Any complex system may potentially exhibit unpredicted and undesirable behaviour as a
result of certain combinations of input stimuli. An Active Network, being a
communication network in which user requested operations are undertaken in the
netwOIk nodes themselves, is a candidate to exhibit such behaviour. For example,
resource utilisation will be influenced by the specific combination of activities triggered
by the users and may develop undesirable characteristics such as a self-sustaining
profile. Conventional simulation tools do not detect such characteristics.
This thesis proposes a solution based on a Petri-Net model in which the resource
utilisation of the Active Network is abstracted above the link level communication
element. It is then suggested that a certain type of Emergence in resource utilisation may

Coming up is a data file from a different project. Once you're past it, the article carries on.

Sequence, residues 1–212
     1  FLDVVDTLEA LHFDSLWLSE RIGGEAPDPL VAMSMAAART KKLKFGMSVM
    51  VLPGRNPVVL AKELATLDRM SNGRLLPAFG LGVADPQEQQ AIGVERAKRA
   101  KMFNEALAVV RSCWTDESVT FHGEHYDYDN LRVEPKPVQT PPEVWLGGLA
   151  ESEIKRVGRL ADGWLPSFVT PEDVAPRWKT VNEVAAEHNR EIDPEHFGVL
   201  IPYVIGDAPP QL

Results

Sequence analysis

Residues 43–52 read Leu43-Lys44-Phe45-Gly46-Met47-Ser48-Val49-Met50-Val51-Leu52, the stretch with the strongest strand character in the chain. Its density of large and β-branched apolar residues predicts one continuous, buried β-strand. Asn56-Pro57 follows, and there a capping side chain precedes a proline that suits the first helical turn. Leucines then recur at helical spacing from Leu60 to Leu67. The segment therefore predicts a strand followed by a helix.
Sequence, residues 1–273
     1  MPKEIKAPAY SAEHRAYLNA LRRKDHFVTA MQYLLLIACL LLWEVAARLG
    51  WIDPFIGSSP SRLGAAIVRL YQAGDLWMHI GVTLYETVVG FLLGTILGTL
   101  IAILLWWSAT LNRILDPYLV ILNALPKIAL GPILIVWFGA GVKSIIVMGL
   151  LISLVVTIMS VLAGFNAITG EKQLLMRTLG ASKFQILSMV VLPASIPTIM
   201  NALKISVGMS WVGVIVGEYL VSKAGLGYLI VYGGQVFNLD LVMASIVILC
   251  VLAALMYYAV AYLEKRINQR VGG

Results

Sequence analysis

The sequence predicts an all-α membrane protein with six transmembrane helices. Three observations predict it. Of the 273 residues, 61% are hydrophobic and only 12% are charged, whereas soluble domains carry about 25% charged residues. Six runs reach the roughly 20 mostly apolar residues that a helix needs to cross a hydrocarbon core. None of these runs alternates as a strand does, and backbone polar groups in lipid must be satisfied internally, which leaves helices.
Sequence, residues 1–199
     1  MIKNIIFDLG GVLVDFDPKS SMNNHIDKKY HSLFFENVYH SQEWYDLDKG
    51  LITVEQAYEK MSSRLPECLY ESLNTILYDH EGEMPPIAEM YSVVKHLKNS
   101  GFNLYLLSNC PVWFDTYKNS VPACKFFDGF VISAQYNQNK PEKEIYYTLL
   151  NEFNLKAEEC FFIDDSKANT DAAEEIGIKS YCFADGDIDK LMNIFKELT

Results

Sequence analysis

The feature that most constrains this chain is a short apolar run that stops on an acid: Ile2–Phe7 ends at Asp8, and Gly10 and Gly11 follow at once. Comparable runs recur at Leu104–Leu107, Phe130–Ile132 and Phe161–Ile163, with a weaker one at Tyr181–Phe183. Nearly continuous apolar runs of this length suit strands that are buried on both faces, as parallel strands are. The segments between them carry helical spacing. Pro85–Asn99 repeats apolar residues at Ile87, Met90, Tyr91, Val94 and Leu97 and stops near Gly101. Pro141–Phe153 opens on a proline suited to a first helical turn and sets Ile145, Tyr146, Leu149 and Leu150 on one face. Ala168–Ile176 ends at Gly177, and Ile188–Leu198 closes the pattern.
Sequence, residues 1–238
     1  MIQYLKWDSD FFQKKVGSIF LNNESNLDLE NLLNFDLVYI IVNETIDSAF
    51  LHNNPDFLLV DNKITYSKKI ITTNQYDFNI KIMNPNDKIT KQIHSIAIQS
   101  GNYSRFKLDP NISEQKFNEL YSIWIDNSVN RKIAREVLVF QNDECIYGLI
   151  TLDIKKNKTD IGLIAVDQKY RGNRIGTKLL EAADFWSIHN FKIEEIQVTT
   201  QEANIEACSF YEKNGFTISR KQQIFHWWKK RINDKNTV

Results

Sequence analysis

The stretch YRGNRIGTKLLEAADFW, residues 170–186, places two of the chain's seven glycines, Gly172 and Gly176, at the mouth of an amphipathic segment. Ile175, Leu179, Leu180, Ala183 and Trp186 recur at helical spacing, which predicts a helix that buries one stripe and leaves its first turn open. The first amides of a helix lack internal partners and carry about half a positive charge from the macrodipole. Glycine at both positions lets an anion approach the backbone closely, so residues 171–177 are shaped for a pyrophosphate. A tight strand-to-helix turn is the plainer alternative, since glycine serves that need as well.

manifest itself as Self-Similarity. The Hurst Parameter (H) of the resource utilisation
profile for each node in the network can then be used to identify the presence of this
characteristic. The RlS Statistic is used to estimate sets of H values for a range of
different Active Application scenarios. It is subsequently seen that a self-sustaining
resource utilisation profile (termed a "Cascading Effect") occurs when a significant
subset of the nodes display high values of H.
This thesis takes the view that Emergence in Active Networks is a problem that has to
be approached with a global comprehension of the system as opposed to the
conventional approach of a piecemeal development of solutions. This view is reinforced
by the hypothesis that an Active Network is a Complex System and Emergence is noncomplex
self-organisation within it. It proposes that the high-level abstraction of the
Active Network forms a view by which global comprehension can be obtained and is
used for the detection of anomalous behaviour (Le. Emergence). The key enabler for
self-organisation is proposed to be 'the resources' within the Active Network nodes and
hence the detection technique was focused on the utilisation characteristics of these.
A Doctoral Thesis. Submitted in partial fulfillment of the requirements for the award of Doctor of Philosophy of Loughborough University.